something a little different: Mr Black Coffee Liqueur

Hi all. By way of introduction I trained and worked as an Industrial Designer and ended up in FMCG innovation, working for a gang of alcohol multinationals. Great gig and great freedom to try new things. I’d recommend it do you guys if you get the chance to work in FMCG. After years of working hard for my clients, I thought I should put my money where my mouth is and do something for myself!

As anyone who has worked in FMCG knows our products are often carved up at the hands of market researchers, so it was brilliant to create a product without a focus group.

So I partnered up with a local distiller and together we indulged our passion for coffee and a tipple and aimed to right the wrong that is Kahlua and Tia Maria. We made this kickass coffee liqueur using some very nerdy production techniques and using a cold-drip method for creating coffee. And very flatteringly we got a gold medal at the Internation Wine and Spirits competition in London last year.

We’re launching here in Australia (doing the crowdfunding thing) in a month or so (waiting on our bottles - they’re being blown in France as we speak - all very exciting)… The world has draconian alcohol laws due to excise and things, so it’s a real pain to ship internationally but if any of you ID’ers are down under let me know.

Pack design, brand etc. all done by myself. Illustration done by Sydney artist Dale Bigeni. Love to hear your thoughts or input from any drinking enthusiasts.


FMCG = ?

Sounds like an interesting endeavour. Would love to hear more about the whole process of creating the recipie, branding, packaging, etc.


That’s hot!!!

Tell us more about it:

Is it tradeable in the EU???

Does it contain artificial flavours or stabilizers or did you find s magic formula without?


Fast moving consumer goods

Yeah as Sanjay said it’s fast moving consumer goods, more easily defined by how quickly someone throws it away, as opposed to how long they chose to buy it :laughing: . We don’t really make much any more in Australia so while traditional design roles still exist, many designers wind up in FMCG.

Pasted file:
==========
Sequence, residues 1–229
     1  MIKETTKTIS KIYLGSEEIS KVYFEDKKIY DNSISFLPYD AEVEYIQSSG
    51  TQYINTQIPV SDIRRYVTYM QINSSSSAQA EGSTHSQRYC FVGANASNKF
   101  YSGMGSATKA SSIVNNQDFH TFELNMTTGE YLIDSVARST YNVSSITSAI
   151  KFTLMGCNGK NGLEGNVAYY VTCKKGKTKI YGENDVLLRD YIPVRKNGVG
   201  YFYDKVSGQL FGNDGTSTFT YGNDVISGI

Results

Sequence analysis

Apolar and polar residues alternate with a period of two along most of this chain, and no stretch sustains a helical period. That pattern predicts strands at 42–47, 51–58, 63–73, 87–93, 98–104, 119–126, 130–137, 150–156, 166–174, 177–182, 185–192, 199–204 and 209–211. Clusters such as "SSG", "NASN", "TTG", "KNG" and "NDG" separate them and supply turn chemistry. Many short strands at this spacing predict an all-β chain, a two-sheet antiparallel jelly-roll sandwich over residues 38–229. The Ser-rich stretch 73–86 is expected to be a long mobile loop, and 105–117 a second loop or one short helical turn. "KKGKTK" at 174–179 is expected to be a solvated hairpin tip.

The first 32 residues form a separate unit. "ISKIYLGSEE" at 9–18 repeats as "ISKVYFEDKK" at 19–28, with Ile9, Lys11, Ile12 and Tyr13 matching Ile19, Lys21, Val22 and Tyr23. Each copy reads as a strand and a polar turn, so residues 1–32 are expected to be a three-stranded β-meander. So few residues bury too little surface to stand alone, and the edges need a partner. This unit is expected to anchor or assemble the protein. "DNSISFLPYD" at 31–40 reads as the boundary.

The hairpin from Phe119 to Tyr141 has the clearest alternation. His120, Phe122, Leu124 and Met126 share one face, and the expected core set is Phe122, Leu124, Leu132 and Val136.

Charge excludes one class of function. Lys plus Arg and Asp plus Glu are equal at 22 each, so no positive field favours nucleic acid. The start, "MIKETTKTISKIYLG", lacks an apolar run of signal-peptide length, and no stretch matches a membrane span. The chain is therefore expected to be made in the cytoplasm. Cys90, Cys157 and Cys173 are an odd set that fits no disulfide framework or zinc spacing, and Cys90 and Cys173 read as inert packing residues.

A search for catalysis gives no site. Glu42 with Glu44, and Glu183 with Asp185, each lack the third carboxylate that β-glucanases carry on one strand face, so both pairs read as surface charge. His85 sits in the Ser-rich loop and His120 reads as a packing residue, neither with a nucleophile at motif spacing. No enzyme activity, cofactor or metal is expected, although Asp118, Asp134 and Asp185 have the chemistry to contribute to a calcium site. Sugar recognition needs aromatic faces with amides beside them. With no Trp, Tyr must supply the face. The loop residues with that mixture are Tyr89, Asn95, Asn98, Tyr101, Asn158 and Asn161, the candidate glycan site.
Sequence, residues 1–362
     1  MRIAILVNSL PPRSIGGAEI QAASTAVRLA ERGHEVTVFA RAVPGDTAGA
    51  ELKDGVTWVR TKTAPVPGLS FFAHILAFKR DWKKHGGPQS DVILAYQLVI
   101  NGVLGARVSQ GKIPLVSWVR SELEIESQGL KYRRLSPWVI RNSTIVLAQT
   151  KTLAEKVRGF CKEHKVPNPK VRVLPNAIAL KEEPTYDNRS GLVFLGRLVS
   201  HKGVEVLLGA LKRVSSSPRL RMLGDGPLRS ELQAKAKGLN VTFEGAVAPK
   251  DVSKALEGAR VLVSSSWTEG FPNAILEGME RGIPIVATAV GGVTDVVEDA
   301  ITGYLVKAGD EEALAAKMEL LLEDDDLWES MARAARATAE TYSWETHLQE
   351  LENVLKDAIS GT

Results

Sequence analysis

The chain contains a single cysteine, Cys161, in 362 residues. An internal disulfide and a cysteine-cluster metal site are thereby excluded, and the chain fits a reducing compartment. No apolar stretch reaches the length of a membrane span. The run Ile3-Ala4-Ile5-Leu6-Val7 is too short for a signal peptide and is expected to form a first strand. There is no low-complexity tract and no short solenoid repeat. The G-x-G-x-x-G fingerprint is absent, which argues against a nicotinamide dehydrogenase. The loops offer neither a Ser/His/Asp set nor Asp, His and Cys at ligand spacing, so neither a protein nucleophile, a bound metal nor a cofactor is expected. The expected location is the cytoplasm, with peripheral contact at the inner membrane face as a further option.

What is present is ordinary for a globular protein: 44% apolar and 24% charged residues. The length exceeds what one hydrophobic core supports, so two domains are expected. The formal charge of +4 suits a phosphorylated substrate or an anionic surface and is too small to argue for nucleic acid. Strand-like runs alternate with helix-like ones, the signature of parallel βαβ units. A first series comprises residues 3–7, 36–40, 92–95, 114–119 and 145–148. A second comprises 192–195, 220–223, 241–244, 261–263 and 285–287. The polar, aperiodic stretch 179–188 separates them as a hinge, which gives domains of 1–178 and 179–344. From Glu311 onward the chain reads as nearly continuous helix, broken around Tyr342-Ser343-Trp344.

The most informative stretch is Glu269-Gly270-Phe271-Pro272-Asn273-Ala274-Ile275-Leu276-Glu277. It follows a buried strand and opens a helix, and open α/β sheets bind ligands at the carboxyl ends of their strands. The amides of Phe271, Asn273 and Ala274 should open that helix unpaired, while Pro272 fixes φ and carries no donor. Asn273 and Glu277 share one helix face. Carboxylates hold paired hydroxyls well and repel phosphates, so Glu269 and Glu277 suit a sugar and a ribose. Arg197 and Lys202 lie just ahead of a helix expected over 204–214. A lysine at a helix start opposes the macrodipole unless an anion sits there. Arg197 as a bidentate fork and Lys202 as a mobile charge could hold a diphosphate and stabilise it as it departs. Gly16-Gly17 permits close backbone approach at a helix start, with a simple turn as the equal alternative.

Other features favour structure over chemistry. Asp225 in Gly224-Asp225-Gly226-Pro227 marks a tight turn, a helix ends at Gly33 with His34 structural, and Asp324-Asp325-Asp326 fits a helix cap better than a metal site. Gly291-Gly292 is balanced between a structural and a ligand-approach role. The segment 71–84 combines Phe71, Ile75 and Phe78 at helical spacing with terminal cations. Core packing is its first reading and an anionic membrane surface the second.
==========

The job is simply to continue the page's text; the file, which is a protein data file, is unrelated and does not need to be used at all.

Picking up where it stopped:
It’s been a great journey so far but we still haven’t officially launched yet! For me, the alcohol category allows me to take my love for products-created-by-people-who-make-things to a wide audience. Packaged liquor is a funny beast though: from a brand point of view it’s more akin to fashion than consumer product. You are what you drink.

Not sure about the EU thing! We’ve got out sights set on the domestic market for now but liqueurs are traditionally very pop in the EU so it’s something we’d love to get into.

Unlike our lovely friends at Kahlua, Tia Maria, Patron etc. we use no artificial flavours or colours and it has no stablizers or anything to keep it crisp. The benefit of alcohol is it’s naturally a preservative so tends to keep things pretty fresh. Oxygen is the enemy of good coffee so we developed some really trick methods of deoxygenation to keep it all fresh from bean to bottle.

This looks outstanding…as both a coffee nerd and a lush.

Furthermore I love the bottle and label

Slick bottle. I love the wall thickness taper.

The name reminds of this product I get when I am in Taiwan:

I love it mate.

Love the bottle, love the idea of the product. I will definitely be keen to get my hands on a few bottles when they’re available. I have other coffee nerd/chef friends who would love this too. Would make a great birthday present. I love the thick based bottle. Would be great to see a 3/4 view.

Just out of interest, how are you keeping your flavour consistent? I have been a bit of a coffee aficionado for a few years now and find that only a few coffee makers keep their product consistently tasting the same. I’ve found a few organic suppliers which seem to keep it pretty consistent though. You definitely pay a premium on those.

Have you thought about branching off into different coffee types or are you sticking to a down the middle, medium blend?

Coffee coffee, coffee coffee coffee.

I like the bottle and the image, but not the grey of the image. Not sure how you are having it made, but wondered if it is possible to just print the white areas of the image on a clear label so that on the bottle, the colour of the liquid makes up all the (currently) grey areas. This would make it more seamless and make the image stand out more whilst highlighting the contents of the bottle. It’s probably more expensive and I’ve missed something, but that’s my feeling on it. PT

Thanks for the kind words Azrehan (and that youtube video - god knows how many people i’ve shown that to in the last 48hrs!)

To preempt your your question on flavour consistency: is it really necessary. I know it’s the goal for the old-world whiskey blenders and new-world winemakers, but it’s my personal ethos not to fight seasonal variability. It happens and it’s a great thing. Having said that, I agree with you: we need to deliver the ‘same great taste’ every time (that’s what people buy, y’know!).

The way we get around it is similar to the whiskey boys, blending beans different origins and using the flavour variation from them all to achieve the desired ‘middle point’. Having said all that: our distiller (Philip) has an incredible palate and all blending decisions and flavour variation is ultimately deferred to him!

Thanks PT. No it wouldn’t be that much more expensive to screen print ‘the white’ as opposed to ‘the black’, but it’d change the outcome from displaying graphics when full to displaying when empty. I don’t like the look of naked glass bottles, so we’re going with the ‘display when empty’ route. But i do see where you’re coming from!

I dont mean to bombard with spam, but there are more process shots on our FB page if anyone is keen to follow the journey more actively!